By Brandon Ba
Located in Namhae, South Korea, Seongmyeong Sa 성명사/聖明寺 is situated on a forested hill overlooking a small fishing village. The surrounding area is mainly agricultural and relatively undeveloped. The closest city is about 1.5 hours away and a tourist beach resort is about 30 minutes away. The temple is nonetheless a pilgrimage site for visitors from around the country. There are also lay attendants that frequent the temple to cook, clean, and take care of it. There are shrine buildings that are similar to other Korean temples, as well as a unique cave-shrine for the bodhisattva Gwanseeum (Ch. Guanyin; Skt. Avalokiteśvara). In this cave, there is a natural spring which impresses ever-changing images on the cave. The natural spring water is collected into a bowl, and considered to be “medicinal” or “empowered water” (yagsu 약수/藥水), believed to cure diseases and purify the devout.
The resident abbot at Seongmyeong Sa teaches Korean medicine doctors, biomedical doctors, and religious figures about the therapies and remedies of what he calls “Buddhist medicine.” His knowledge is derived mainly from oral teachings from his Korean and Taiwanese monastic teachers, who taught him Korean and Tibetan methods respectively.
The abbot’s practice includes a Korean version of Buddhist medicine, which emphasizes a holistic approach and connects both physical and mental states (Baker 1994, 53). Treatments are prescribed based on the identified cause of disease (Baker 1994, 54). One such treatment is medicinal tea, which the abbot cultivates and prepares every autumn. He also uses physical exercises (chejo 체조/体操) for health and healing, which enable his hands and feet to heal by touch. The abbot’s students sometimes refer patients with difficult cases to the abbot, whom he treats with medicinal tea, exercises, and also ritual practices. He uses Medicine Buddha (Yaksa Yŏrae 약사여래/藥師如來, Sanskrit Bhaiṣajyaguru) rituals (Baker 1994, 61-71; Birnbaum 1989) and disperses illness-causing spirits, practices that are only performed by experienced monastics for healing difficult patients.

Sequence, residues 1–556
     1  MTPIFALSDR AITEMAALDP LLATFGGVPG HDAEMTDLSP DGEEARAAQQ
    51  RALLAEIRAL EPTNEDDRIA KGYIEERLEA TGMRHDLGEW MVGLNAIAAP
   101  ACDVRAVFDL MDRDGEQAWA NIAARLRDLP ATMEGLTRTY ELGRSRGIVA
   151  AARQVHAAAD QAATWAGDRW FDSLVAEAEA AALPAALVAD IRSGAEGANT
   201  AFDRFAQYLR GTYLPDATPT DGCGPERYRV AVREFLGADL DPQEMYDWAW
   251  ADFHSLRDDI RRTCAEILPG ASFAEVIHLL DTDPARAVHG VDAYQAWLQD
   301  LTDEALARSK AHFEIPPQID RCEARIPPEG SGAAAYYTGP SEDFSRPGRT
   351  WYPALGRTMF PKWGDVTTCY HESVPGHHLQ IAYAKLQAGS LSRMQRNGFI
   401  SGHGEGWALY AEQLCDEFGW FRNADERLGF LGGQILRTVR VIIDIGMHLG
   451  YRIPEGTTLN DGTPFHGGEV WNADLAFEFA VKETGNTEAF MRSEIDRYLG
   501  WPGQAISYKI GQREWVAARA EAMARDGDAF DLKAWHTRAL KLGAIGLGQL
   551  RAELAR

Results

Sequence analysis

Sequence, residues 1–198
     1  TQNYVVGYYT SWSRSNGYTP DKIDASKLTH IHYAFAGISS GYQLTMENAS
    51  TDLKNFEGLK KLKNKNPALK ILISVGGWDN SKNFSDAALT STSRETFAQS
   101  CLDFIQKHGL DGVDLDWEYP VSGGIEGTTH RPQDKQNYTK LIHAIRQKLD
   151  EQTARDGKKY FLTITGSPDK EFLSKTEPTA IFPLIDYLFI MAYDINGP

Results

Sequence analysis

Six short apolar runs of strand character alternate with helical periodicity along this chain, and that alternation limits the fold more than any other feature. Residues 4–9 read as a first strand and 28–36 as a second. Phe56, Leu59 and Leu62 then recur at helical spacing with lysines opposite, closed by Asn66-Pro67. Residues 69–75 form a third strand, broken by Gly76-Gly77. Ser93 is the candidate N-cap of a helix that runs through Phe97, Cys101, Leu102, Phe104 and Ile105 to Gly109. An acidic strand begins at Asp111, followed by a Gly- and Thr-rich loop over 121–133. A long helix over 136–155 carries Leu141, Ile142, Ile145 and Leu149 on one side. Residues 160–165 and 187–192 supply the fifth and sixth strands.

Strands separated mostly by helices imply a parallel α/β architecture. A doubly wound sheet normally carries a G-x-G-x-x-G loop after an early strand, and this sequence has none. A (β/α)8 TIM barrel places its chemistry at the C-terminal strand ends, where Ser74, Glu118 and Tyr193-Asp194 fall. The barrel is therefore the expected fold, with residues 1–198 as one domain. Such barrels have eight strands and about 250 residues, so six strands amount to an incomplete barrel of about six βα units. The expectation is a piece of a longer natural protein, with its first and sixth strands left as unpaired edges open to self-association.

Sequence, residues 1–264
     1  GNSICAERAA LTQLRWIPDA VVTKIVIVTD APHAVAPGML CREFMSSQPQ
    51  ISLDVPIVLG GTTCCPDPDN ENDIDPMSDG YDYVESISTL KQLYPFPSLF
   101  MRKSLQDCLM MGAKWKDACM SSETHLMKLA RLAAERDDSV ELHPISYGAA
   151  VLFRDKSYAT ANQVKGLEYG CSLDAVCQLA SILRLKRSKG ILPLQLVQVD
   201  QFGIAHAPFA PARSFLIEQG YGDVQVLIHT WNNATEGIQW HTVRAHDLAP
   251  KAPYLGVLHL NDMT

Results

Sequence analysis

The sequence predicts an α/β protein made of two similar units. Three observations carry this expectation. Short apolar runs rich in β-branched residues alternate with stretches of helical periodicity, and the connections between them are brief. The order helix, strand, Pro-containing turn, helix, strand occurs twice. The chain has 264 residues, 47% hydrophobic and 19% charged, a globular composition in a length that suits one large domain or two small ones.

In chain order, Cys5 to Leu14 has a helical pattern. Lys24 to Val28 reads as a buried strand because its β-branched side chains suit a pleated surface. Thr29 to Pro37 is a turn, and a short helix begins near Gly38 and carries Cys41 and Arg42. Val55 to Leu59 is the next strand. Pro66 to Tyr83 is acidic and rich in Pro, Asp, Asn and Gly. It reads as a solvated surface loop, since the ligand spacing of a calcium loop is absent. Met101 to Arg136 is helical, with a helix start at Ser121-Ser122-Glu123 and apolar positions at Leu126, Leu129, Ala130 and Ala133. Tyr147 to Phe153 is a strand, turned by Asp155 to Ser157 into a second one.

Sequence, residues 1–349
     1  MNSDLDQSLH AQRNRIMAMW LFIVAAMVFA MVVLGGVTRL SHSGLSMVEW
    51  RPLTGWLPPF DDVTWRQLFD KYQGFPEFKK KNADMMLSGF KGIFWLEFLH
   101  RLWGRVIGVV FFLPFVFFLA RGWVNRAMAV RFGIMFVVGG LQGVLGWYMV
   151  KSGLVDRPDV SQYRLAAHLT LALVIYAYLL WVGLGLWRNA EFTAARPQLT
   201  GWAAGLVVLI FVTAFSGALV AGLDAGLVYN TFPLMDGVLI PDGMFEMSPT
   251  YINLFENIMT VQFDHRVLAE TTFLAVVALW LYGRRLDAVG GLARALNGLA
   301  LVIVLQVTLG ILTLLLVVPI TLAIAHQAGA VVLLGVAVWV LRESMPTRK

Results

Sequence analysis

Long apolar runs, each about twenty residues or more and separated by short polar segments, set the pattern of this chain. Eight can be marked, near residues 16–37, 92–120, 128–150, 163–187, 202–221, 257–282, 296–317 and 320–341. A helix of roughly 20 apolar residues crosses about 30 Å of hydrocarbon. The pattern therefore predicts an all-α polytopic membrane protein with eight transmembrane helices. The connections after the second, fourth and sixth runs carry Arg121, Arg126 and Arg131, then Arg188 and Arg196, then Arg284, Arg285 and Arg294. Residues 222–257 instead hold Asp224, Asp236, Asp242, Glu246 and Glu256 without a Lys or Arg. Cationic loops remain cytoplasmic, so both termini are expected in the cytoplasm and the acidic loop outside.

These practices originated from monks in the Silla period (57 BCE – 935 CE) who visited India. The role of Buddhist medicine in Korea has been limited after the Silla period due to secular Chinese-style medicine and recent popularization of biomedicine from the West (Baker and Lee 2017, 495).
- Baker, Don, and Hyunsook Lee. 2017. “Buddhist Health, Diet, and Sex Advice from Ancient Korea.” In Buddhism and Medicine: An Anthology of Premodern Sources, edited by Pierce Salguero, 494-500. New York: Columbia University Press.
- Baker, Don. 1994. “Monks, Medicine, and Miracles: Health and Healing in the History of Korean Buddhism.” Korean Studies 18: 50–75.
- Birnbaum, Raoul. 1989. The Healing Buddha. Revised edition. Boston, Massachusetts: Shambhala Publications, Inc.
This article is by Brandon Ba, with material from an interview with the head monk of Seongmyeong Sa conducted by Pierce Salguero.